Ralph Ellison’s Letters Reveal a Complex Philosopher of Black Expression

Saidiya Hartman in The New York Times:

“Complexity” was the term that Ralph Ellison deployed most often to describe black life and culture. And it is the term best suited to convey the character of this brilliant, often disapproving and unsparing man. Decades before Toni Morrison’s “Beloved” and “Song of Solomon,” “Invisible Man” (1952) singularly defined the meaning of literary achievement. As a critic, Ellison was no less significant a thinker and stylist. Always, he was a philosopher of black expressive form and an astute cultural analyst.

I first encountered Ellison through the scrim of Larry Neal’s 1970 essay “Ellison’s Zoot Suit,” so I knew what I needed to read for — the invaluable critical propositions about African-American culture, the dazzling enactment of blues vernacular in modernist prose, artistic achievement steeped in reference to the music and an eye capable of discerning what Zora Neale Hurston described as the distinctive asymmetry and angularity that were the most striking manifestations of black style and the will to adorn. I also knew what I had to read past — the cult of the masculine hero and an aesthetic project that “restores to man his full complexity” and to the native son truth and revelation, while abandoning the daughter to the chaos of the underworld.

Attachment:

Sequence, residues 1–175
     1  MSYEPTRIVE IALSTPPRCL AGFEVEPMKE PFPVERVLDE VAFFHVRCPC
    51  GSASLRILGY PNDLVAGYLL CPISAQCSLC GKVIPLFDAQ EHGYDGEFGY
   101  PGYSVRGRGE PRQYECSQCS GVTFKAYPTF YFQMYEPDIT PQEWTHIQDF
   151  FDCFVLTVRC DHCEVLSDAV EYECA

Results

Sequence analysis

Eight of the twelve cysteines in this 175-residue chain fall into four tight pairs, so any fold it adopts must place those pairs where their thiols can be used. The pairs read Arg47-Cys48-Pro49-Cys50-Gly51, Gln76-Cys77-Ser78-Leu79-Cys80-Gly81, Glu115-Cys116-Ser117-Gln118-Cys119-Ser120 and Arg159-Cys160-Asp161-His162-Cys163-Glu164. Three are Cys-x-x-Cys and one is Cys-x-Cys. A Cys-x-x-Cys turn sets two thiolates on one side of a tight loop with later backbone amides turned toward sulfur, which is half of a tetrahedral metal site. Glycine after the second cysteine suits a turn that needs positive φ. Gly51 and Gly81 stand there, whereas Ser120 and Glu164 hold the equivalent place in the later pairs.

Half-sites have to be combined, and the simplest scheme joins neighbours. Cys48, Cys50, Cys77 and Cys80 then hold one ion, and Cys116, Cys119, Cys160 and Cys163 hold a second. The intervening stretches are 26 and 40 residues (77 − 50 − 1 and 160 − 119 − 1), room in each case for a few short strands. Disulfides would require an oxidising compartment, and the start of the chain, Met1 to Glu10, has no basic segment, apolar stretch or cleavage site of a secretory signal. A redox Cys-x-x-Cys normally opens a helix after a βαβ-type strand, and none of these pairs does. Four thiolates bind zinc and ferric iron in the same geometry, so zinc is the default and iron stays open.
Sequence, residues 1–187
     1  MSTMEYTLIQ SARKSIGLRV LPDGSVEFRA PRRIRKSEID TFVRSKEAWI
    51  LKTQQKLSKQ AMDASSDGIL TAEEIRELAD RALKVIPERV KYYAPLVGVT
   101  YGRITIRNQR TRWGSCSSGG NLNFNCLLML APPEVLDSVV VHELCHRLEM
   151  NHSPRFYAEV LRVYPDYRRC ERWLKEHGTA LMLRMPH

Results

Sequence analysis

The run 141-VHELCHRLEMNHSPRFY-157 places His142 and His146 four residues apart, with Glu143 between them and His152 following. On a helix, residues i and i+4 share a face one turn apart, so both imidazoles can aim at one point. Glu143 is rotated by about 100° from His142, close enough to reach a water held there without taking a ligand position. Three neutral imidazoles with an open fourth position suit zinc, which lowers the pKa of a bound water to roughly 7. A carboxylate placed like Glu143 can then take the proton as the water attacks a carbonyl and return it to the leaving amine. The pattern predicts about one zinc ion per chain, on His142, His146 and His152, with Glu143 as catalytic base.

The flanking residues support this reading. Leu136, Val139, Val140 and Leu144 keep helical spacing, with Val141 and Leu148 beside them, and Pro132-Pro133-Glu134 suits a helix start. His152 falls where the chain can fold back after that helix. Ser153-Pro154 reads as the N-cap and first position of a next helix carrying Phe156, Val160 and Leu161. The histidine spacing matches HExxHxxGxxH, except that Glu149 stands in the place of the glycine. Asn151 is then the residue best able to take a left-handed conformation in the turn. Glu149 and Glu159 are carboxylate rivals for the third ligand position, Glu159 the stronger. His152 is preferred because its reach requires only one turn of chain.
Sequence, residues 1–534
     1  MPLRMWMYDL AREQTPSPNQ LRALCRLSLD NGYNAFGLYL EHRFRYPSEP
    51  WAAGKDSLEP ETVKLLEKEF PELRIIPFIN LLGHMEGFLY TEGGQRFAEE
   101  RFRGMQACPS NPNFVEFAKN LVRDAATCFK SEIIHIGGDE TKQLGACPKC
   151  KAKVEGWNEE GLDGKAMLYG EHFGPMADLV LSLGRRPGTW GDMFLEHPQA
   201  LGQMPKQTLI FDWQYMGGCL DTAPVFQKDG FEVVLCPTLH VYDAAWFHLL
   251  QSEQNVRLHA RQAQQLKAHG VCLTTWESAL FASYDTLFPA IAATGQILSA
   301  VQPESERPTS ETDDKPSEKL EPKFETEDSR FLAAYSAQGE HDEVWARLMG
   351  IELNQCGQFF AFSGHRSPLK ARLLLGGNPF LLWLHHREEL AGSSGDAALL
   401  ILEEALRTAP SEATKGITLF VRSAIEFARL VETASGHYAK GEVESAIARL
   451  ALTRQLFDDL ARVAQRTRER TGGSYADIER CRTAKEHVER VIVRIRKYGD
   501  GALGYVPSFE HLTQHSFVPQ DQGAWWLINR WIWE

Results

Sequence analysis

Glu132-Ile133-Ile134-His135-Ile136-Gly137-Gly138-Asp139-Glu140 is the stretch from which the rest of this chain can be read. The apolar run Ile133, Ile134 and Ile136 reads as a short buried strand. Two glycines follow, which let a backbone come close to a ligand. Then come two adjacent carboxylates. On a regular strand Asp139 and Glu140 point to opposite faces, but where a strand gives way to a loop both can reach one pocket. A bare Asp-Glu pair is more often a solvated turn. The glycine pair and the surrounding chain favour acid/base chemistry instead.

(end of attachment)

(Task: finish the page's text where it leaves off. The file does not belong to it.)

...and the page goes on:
More here.